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Reblueing & stock refinishing

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  • Reblueing & stock refinishing

    A friend of mine has a pre-64 Featherweight in .308 that has seen much better days. It's a rifle that has been in his family for many years, so he wants to refinish it. I have the name of a guy who is recommended to do the reblueing and stock refinishing, but I want to give options to my I have a couple of questions:

    1. Are the "cold reblueing" kits for do-it yourself any good? I've never used them.
    2. Any recommendations for kits to strip and refinish stocks that guys have tried?

    Thanks in advance guys...


  • #2
    He may want to take into consideration that doing this will detract from the rifle's value. I was given an Model 1892 Winchester(built in 1898) that had been in the family for yrs. Before it was given to me they had it reblued and sling swivel studs installed(right through the metal foreend cap!). Cut the value ALOT as this rifle was in GOOD shape. Just a thought.


    • #3
      Good point and I've discussed this with him, but resale is not an issue. He wants to restore it for his adult step-son, who was given it by his birth father before recently passing away.


      • #4
        I used the Birchwood Casey cold do it yourself bluing on a couple projects. One turned out good, the other...not so much. Even the one that turned out good, needs reblued now, about 7 or 8 years later. Worth a shot, and if it doesn't turn out so well, you can have it redone professionally, or try again.

        I've refinished many stocks, and they generally turn out decent. I use paint/varnish remover, then scrape the old finish off. Then try to steam out any dents with a wet towel and an iron. Then take very fine sandpaper and smooth it out. be very careful with the checkering--clean out the old finish with a vinyl brush, but don't sand it down much, if at all. Get the stock wet so the little bristly fibers stand up, then take 0000 steel wool over the stock, once it's dry.

        When you're satisfied it's smooth, you can start the oiling. I don't use varnish or polyurethane or any of the shiny stuff, I like rubbed oil, either Tung or Linseed. Cut the oil with thinner (mineral spirits). after each coat, rub it in until it's dry. You can warm the stock in an oven (very low heat) or other warm dry place between coats. Keep applying coats until you get the darkness and sheen you want. hit it again with the 0000 steel wool if necessary, and clean off the dust/fiber. One more light coat of oil and rub it in.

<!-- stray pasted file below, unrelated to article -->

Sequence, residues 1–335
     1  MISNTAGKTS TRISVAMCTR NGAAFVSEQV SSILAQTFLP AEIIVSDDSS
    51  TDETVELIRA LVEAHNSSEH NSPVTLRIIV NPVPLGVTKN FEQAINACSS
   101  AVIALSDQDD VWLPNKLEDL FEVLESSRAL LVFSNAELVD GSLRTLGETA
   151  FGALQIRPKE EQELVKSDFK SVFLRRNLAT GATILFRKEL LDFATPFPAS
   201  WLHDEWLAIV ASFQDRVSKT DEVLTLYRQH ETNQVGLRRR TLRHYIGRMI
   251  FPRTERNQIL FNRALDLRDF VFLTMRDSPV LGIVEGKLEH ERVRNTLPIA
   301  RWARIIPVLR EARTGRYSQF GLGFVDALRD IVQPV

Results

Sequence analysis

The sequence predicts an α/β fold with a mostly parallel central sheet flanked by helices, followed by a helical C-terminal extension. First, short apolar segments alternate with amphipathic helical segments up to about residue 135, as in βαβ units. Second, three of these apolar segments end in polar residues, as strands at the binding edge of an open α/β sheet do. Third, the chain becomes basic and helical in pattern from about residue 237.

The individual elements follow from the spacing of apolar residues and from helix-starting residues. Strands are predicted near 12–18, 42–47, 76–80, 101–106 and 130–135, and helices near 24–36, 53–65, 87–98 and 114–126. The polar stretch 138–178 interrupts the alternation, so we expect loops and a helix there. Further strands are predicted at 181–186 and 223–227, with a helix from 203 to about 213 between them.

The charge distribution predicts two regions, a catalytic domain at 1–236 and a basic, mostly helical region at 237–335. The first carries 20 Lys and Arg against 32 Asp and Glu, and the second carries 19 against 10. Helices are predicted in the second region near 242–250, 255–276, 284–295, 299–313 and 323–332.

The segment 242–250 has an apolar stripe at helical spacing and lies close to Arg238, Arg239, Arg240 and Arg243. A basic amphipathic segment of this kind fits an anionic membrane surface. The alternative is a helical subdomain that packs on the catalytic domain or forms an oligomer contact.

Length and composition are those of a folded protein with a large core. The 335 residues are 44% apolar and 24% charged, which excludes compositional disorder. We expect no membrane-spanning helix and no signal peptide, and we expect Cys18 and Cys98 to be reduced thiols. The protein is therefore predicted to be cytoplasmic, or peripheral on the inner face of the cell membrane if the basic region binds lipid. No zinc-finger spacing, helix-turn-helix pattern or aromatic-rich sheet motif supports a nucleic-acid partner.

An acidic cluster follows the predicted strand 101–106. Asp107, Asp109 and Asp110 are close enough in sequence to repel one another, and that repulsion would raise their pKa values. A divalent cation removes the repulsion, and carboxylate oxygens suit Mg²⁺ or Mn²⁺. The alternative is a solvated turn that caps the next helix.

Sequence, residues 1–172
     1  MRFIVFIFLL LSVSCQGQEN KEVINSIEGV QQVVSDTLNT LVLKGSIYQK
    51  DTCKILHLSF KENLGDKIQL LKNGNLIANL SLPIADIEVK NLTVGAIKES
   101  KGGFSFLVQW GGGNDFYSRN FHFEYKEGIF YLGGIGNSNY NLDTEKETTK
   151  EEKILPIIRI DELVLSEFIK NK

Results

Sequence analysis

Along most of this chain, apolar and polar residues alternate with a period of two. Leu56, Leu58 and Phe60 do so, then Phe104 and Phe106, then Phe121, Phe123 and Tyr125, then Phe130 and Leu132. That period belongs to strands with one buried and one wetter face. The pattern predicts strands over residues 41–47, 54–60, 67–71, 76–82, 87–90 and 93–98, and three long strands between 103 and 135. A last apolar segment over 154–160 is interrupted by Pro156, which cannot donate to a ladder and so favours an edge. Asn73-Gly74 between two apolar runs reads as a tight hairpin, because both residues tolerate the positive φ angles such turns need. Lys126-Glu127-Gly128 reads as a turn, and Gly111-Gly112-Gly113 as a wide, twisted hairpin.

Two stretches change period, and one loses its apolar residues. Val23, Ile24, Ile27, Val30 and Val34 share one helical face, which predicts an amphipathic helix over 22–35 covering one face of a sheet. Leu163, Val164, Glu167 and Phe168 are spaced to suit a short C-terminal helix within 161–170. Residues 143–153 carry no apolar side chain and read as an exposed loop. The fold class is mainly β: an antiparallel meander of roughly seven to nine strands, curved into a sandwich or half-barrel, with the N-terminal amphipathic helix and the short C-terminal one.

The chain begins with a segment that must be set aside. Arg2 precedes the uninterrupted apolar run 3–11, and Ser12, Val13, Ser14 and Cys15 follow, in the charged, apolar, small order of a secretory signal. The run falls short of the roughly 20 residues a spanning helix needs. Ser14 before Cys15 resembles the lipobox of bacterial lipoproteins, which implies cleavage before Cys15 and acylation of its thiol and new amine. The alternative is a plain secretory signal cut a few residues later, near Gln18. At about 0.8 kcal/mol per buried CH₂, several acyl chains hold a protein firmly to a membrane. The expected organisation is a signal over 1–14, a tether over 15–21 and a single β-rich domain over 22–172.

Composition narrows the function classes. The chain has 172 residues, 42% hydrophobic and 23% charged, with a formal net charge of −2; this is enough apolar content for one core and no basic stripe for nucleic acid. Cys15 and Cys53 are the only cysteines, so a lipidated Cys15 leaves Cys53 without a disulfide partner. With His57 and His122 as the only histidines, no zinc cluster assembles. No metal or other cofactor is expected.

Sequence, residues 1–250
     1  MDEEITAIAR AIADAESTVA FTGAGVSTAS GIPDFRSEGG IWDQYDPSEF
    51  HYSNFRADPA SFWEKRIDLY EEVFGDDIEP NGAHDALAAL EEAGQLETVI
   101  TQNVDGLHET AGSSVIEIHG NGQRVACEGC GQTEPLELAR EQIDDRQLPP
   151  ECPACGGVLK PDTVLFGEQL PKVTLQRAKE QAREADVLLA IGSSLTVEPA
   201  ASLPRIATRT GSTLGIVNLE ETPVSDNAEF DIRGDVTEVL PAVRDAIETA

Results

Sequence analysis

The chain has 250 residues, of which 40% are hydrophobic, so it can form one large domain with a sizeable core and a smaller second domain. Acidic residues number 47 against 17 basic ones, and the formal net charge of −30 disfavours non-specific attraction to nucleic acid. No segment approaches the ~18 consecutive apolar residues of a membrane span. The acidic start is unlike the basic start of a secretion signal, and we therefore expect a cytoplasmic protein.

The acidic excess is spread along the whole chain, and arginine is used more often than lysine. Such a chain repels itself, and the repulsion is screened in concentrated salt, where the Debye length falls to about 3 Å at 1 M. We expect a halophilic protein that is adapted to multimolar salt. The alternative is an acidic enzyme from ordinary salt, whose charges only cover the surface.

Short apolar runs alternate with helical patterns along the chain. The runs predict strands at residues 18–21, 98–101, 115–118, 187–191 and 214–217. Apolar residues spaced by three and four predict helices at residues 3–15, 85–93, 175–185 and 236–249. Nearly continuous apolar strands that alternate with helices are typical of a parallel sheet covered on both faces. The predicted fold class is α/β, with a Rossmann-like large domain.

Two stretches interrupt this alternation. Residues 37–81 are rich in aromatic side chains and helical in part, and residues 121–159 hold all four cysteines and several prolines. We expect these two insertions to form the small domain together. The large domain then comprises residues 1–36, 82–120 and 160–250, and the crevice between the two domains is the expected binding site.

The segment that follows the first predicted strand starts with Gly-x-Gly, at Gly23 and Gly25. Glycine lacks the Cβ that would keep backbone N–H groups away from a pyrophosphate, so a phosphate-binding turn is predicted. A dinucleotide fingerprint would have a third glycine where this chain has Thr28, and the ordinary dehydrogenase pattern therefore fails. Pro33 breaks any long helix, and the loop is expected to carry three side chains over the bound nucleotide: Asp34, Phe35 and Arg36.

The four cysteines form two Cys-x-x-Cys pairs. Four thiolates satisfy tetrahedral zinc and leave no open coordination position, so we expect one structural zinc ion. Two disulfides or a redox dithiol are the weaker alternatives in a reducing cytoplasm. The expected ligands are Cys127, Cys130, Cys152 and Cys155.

I did that with this one...coulda made it shinier, but I like the matte sheen:


        • #5
          Thanks for the infromation AKroadkill, it is very informative sir, and you did an outstanding job on that looks beautiful.

          Any other ideas/experiences folks?


          • #6
            I used Pilkingtons rust blueing from Brownells. A slow job, but the results were worth it


            • #7
              The .25-06 in the above photo is not one I reblued...just the stock. The metal finishing is a teflon-type coating by Spradlin's in Colorado. I like the weather resistance and the matte black look. That (or something like it ) is what I plan on doing to any of my other rifles that need refinished in the future.

              I'll try to get a photo of my Featherweight 7x57, which I also refinished the stock, and had the metal finished with Gary Junk's Arctic Kote, also matte black. I think it looks pretty good too.


              • #8
                Some Ideas on Refinishing the Pre-64 Fwt. 70

                I would ask the owner what he wants to do with the rifle. If he just wants to keep it as a fond memento from his Dad, then I would say don't refinish it at all.

                If the idea is to hunt with the gun, I would just keep it nice and clean and protected with a light external coat of rust preventive oil, rather than refinishing the gun. Pre-64 Model 70's look great with that nice patina of honest hunting wear, and he will always know that some of his Dad's hunts are part of the gun's appearance.

                Another issue with the Featherweight is that the trigger guard and bottom metal are made of aluminum, which will not accept regular bluing, and won't match the rest of the metal if not carefully done. I believe they were painted black at the factory.

                I personally would never use cold bluing on a gun, because it leaves a chemical smell on the gun that I really hate (I have a sensitive nose). It ruins a collectable gun for me, and I don't think it protects the steel very well, either.

                Just some more ideas to consider.



                • #9
                  Sound and thoughtful responses guys...thanks for taking the time to share them with me. I will email this thread for my friend's review as he makes a decision with his step-son.


                  • #10
                    funny you should ask...

                    I was doing some Internet surfing about refinishing a stock and came across some useful information. These are some of the links that I thought were good -




                    Didn't look into re-blueing, though.


                    • #11
                      Thank you sir...much appreciated.


                      • #12
                        Save your time with the cold bluing, it is not worth the effort. I use a cold rust blue (Pilkington's) and with care, you can match pre-war quality. I have done several hundred. Requires minimal equipment.

                        For a stock finish, I use Sea-Fin. This is a finish used to finish deck trim. Works very well and is highly moisture resistant. Good luck. J.


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